by Suzanne Paley
With my eldest daughter going off to college next month (but still staying close enough that she can continue to spend her weekends with her current friends doing her current all-consuming activities), my biggest worry is that she won’t branch out and have the full-immersion experience I had when I went to college. This inspired me to write up my own top-ten list of advice for her. Some of it is specific to her, but I still figured it might be worth sharing.
Advice to my introverted 18-year-old daughter before heading off to college (from her introverted mother who has been there, done that)
Say yes to things. Say yes to people.
People will invite you to join them for all sorts of things. College is all about expanding your circle of experiences. Look for reasons to say yes rather than looking for reasons to say no.
Be a part of university life.
Attend lectures, plays, concerts, movies, discussions, parties, and so on. If your significant other or non-college friends are with you, bring them along. Include them in your group of friends. Don’t let wanting to spend time with them prevent you from doing anything that sounds interesting. You can always leave early if it turns out not to be your thing.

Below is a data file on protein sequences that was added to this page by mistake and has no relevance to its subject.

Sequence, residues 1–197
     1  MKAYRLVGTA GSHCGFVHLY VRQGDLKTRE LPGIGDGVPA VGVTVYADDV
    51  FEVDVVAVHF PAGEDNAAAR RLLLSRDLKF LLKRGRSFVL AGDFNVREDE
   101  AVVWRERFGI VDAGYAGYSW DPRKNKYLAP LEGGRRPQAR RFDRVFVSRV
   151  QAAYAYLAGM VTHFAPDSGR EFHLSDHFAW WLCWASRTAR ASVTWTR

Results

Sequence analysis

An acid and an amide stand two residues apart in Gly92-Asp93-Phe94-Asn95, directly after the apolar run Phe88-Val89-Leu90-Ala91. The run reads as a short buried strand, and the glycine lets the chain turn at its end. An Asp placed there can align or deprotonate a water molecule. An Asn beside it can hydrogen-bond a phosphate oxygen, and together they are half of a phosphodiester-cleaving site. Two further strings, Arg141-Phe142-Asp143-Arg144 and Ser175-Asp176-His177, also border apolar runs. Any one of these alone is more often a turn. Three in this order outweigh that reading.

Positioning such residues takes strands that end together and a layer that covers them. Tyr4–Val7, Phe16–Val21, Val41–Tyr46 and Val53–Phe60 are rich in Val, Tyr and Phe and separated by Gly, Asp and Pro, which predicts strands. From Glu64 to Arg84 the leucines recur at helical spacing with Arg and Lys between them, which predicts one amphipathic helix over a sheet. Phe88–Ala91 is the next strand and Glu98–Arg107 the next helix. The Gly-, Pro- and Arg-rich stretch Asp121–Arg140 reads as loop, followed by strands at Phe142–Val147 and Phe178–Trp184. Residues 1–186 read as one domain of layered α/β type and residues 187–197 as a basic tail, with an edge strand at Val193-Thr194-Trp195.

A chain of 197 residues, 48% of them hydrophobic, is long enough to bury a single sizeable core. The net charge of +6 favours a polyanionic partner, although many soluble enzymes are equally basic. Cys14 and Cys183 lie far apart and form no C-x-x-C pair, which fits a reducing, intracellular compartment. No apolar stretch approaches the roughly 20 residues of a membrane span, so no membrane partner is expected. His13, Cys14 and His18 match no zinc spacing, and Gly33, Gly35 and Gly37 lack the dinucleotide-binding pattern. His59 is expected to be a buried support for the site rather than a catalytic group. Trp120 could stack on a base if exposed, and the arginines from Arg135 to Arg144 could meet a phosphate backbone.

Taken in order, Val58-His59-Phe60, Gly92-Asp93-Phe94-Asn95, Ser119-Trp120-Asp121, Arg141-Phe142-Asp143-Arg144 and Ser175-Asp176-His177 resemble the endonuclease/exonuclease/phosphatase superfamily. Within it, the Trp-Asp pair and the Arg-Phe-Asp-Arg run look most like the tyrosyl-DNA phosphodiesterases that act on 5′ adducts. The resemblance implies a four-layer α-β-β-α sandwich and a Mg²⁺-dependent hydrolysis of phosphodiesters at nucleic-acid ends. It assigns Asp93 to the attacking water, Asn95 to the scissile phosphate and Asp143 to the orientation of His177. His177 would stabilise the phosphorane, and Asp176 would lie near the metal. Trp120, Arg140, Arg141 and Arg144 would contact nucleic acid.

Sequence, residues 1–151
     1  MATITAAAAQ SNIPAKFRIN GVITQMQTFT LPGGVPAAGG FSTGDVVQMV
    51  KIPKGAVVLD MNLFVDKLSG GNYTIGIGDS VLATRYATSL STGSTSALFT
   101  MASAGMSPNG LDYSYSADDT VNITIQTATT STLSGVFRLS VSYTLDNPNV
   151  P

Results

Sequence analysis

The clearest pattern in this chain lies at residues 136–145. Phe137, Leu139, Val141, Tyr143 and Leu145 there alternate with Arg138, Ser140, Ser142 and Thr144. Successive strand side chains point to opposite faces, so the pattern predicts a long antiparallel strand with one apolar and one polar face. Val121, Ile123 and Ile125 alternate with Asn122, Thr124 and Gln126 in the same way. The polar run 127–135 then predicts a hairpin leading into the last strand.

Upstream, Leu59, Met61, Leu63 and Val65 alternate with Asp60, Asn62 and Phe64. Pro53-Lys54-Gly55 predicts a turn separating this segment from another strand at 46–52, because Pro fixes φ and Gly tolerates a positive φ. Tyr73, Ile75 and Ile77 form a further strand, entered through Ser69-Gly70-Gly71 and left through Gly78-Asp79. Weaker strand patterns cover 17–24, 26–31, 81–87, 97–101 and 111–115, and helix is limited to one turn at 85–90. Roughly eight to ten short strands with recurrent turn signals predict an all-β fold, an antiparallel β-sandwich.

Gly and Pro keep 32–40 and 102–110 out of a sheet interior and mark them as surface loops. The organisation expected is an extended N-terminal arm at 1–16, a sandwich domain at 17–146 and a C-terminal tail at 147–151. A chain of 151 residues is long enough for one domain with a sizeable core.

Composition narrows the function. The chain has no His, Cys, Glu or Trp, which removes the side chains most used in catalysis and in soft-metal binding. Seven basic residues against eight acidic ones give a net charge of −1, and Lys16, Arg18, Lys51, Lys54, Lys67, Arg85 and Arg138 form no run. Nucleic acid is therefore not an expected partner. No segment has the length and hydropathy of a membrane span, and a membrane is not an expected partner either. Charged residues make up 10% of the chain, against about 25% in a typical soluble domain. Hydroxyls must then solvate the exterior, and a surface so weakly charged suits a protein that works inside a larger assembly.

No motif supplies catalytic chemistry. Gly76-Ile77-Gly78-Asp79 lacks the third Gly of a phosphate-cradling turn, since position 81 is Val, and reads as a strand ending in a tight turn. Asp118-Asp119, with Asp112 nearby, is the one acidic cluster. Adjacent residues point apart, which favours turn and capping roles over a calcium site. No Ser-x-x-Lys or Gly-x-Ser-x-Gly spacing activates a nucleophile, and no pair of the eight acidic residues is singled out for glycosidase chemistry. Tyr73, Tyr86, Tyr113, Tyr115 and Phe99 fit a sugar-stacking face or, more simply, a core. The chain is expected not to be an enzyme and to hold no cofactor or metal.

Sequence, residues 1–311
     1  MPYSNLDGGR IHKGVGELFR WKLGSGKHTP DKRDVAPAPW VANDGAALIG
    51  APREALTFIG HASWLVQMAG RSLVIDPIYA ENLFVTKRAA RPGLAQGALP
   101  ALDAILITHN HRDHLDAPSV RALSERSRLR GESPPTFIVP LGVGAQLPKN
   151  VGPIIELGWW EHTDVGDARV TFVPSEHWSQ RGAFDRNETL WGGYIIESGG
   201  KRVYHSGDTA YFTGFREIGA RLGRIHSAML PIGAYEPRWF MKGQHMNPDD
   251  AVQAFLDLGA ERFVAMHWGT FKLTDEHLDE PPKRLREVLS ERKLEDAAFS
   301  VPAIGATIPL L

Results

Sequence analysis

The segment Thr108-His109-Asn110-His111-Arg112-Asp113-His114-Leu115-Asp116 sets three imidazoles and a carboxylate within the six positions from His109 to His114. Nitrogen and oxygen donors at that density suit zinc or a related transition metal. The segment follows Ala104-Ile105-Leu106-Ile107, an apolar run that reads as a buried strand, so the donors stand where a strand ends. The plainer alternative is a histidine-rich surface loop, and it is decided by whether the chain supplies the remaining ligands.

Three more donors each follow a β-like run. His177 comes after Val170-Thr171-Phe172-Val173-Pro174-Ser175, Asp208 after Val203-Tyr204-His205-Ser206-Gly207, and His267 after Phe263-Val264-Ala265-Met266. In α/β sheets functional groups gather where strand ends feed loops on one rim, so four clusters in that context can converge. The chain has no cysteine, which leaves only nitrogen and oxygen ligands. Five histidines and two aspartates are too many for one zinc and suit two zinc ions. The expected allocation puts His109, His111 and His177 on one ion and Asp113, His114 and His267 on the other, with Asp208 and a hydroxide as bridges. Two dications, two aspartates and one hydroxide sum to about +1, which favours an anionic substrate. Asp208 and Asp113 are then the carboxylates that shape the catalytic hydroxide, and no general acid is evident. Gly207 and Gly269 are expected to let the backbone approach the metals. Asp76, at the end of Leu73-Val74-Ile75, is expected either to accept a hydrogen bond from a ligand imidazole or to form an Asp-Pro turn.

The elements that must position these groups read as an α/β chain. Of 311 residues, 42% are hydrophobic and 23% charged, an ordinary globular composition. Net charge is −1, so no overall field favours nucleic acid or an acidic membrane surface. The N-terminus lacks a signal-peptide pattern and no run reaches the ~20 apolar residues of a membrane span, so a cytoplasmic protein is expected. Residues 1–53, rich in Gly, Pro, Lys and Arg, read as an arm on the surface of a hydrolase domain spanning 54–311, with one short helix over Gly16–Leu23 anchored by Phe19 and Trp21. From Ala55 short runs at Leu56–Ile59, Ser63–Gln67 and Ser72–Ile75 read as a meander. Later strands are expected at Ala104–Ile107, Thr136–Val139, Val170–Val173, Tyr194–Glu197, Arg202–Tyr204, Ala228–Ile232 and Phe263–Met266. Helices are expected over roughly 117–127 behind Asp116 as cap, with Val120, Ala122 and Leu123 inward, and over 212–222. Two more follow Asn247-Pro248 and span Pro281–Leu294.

Leave your door open.
If you’re in your dorm room, and you’re not sleeping, leave your door open. An open door opens the door to serendipitous conversations and spontaneous invitations.
Sleep. Eat healthy. Exercise. Brush your hair and your teeth.
There, glad to get those out of the way, but they are all important. Sleep.
Build study groups.
Find people in your classes to study with. Even if you think you study better alone most of the time.
There will never be a more convenient time. Same goes for making a difference via volunteer or charitable work.
Talk to your professors.
Attend their office hours. Every single list ever written for college students includes this piece of advice. Even if you don’t think you need help (but especially if you do!), think up something to ask them about. You will find that for some professors, office hours are packed with students and lively discussions, and other people’s questions are more interesting than your own. They are worth attending every week just for that reason. With other professors, it will be a chance to get to know each other better, one-on-one.
Watch your grades.
As much as one might wish otherwise, grades are still important. For getting internships, getting into grad school, getting that first job, you want to have a respectable GPA.
Share your passion with people.
If you still want to leave campus every weekend for LARP events, invite some of your new friends to join you. Or start something up there.
We’d love to hear from you!
Suzanne Paley is a professional bioinformatics software developer and the mother of three gifted/quirky teenagers.